Wednesday, May 27, 2009

Degenfeld Wines and Hotel

We had a lunch on the terrace at Hotel Tokaj with a marvelous view of the river. There were hundreds of song birds singing and lots of martins and swallows zipping through the air. A swallow on the beams on the terrace.

The menu was fantastic and not over priced. They have many delicious local dishes and specialize in fish.
Stunning ancient acacia tree on the grounds to the front.

We then went on to our next stop Gróf Degenfeld. The wine production is directly behind the manor house which has been converted to a fine and luxurious hotel. My friends had booked an appointment for the delux wine tasting on line. Although there was a mix-up with the on-line booking, we were seated in a comfortable and opulent front room with views to the manicured grounds and made very comfortable.This man (possibly the head waiter) spent a great deal of time discussing the wines on offer during the tasting. The presentation was entirely in Hungarian, but thankfully I was with two people who speak fluent Hungarian and English. They were perfect translators! At one point in the proceedings, the general manager of the hotel came through and introduced himself and hoped we were enjoying the wines.This establishment produces a marvelous white Muscat wine (Gróf Degenfeld Muscat Lunel). It is semi-sweet and smells of elderflowers. I just love it.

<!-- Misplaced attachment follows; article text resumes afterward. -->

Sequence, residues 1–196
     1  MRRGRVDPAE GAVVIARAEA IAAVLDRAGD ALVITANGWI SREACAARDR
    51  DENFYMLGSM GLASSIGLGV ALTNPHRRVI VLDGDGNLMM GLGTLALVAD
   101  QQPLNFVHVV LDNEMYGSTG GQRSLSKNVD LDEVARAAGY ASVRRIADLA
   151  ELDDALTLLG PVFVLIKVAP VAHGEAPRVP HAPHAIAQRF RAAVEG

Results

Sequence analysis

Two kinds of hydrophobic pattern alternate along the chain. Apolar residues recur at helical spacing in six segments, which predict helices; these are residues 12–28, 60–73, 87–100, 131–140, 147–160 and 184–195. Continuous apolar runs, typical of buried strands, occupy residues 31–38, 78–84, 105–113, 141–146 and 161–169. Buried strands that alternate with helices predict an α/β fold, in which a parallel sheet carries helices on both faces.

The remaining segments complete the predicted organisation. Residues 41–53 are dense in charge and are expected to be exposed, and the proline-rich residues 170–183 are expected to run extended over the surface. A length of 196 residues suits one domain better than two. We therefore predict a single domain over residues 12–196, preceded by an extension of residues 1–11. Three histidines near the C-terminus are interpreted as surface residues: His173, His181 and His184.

Half way throught the wine tasting the chef came through with a plate piled high with just-out-of-the-oven pastries. They were made with puff pastry and filled with local plum jam. At first, the pastries were a bit too hot and we had to blow on them a bit. We were greedy and couldn't wait for them to cool. The pastries were as luxurious as our surroundings!

Again, I could not buy any wines as I was restricted by airline regulations. Fortunately for me, once I was through security and waiting to board my flight, I discovered they sell Gróf Degenfeld Muscat Lunel at duty free!!! I was able to take a bottle home to share with The Man of the Place.

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